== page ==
Weak and Failed States: What They Are, Why They Matter and What To Do About Them
Since September 11, 2001, threats to international peace and security have frequently come from the world’s weakest states. The U.S. National Security Strategy describes weak and failed states as significant challenges and a high policy priority, a view widely shared by policy-makers in other nations, global development agencies, the U.S. military, the United Nations and the European Union.
On February 26, the Brookings Institution released the Index of State Weakness in the Developing World, an effort designed to provide policy-makers and researchers with a credible tool for analyzing and understanding the world’s most vulnerable countries. Co-directed by Brookings Senior Fellow Susan Rice and Center for Global Development Research Fellow Stewart Patrick, the Index ranks and assesses 141 developing nations according to their relative performance in four critical spheres: economic, political, security and social welfare.
To mark the launch, Representative Adam Smith (D-Wash.), who chairs the House Armed Services Committee’s Terrorism, Unconventional Threats and Capabilities Subcommittee, delivered remarks on the twin challenges of global poverty and state weakness, and their implications for U.S. and global security. Vice President and Director of Foreign Policy Carlos Pascual, who served as coordinator for reconstruction and stabilization at the State Department, moderated the discussion.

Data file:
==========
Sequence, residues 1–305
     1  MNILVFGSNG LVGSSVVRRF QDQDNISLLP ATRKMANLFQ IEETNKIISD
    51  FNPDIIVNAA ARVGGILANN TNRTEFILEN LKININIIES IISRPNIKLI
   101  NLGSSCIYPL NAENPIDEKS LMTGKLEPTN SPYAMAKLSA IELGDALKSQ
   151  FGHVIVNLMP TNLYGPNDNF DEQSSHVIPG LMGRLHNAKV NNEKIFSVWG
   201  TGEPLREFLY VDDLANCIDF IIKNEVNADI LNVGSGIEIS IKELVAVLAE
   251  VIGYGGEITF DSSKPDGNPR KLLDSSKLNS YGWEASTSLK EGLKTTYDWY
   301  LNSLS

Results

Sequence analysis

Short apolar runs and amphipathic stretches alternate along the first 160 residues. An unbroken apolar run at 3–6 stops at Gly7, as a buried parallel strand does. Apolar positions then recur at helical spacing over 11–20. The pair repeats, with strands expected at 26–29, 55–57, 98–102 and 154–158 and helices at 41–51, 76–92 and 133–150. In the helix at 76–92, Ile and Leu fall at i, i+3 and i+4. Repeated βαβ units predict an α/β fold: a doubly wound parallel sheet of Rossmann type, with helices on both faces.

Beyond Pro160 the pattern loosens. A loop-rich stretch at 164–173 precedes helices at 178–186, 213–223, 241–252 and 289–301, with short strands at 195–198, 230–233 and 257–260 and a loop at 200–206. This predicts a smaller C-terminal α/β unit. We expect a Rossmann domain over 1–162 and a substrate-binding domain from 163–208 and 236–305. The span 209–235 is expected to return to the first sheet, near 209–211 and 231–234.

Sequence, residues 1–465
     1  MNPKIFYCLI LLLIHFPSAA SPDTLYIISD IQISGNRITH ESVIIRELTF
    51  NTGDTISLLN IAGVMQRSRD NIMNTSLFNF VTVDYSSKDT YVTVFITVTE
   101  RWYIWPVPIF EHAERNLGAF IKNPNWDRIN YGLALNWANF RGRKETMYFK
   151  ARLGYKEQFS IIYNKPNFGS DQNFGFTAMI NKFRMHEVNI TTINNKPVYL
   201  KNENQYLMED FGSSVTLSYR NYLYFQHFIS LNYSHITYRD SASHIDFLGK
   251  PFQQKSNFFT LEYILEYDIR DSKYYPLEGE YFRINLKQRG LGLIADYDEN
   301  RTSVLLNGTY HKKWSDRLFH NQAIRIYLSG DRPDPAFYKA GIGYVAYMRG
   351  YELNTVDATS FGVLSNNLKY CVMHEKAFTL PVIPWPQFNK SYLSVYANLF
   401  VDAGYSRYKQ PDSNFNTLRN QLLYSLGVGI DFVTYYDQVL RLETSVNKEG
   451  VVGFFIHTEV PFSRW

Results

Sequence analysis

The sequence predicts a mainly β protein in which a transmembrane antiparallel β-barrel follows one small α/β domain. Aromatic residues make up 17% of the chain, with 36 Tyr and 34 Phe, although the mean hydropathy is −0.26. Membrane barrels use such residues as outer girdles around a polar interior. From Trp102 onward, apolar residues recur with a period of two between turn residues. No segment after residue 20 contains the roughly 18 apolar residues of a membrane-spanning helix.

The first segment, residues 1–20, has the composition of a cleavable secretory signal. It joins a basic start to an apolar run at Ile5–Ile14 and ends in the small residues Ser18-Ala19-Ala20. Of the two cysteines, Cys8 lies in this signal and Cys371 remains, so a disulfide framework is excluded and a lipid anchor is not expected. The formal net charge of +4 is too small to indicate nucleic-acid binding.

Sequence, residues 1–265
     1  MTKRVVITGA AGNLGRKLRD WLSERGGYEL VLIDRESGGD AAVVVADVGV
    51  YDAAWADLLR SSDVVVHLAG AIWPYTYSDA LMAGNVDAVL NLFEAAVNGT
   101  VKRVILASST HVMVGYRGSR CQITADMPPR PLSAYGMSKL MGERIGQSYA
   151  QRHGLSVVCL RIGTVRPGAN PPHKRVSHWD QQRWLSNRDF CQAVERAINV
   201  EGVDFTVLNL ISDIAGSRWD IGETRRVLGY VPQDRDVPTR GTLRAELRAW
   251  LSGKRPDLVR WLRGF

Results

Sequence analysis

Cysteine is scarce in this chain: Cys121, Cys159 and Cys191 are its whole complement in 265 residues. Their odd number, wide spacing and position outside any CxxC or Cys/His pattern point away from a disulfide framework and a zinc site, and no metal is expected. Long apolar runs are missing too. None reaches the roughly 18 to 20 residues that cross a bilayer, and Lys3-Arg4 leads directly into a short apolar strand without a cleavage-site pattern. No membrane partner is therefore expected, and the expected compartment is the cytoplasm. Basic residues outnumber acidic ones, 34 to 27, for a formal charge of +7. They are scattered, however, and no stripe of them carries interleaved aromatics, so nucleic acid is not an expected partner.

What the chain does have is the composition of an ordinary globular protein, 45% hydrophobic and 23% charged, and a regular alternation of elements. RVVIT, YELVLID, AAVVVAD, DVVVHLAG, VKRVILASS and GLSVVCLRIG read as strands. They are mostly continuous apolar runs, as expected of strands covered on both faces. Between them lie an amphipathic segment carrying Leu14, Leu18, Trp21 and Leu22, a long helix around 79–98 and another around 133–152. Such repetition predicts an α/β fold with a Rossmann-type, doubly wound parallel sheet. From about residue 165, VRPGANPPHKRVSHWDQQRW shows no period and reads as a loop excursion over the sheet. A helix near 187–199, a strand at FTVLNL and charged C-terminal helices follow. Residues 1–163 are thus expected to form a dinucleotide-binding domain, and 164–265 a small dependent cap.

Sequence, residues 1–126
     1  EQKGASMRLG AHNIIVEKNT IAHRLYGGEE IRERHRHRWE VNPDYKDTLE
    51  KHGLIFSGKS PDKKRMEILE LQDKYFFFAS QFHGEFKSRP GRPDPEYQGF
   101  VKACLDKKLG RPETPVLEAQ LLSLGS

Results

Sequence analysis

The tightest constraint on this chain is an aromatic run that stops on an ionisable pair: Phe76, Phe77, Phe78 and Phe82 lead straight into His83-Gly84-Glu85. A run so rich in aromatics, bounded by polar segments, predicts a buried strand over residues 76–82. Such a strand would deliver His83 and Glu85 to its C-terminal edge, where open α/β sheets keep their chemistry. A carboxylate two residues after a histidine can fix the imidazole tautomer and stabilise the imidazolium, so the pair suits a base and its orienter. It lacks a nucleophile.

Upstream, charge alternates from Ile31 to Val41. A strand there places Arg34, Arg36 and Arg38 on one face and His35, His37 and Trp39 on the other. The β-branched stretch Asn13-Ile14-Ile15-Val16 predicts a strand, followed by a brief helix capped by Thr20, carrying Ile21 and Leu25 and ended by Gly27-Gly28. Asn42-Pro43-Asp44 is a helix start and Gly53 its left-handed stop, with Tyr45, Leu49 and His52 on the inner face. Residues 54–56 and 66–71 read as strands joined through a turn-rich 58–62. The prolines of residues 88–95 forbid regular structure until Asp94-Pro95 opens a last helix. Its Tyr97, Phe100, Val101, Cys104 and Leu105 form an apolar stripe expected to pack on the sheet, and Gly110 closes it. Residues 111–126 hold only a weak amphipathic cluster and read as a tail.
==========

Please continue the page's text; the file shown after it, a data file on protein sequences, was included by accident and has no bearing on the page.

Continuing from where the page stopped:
Index of State Weakness in the Developing World »
Senior Fellow and Director, Program on International Institutions and Global Governance, Council on Foreign Relations
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You’re taking the DFC down a slippery slope of being a national security agency instead of a development agency.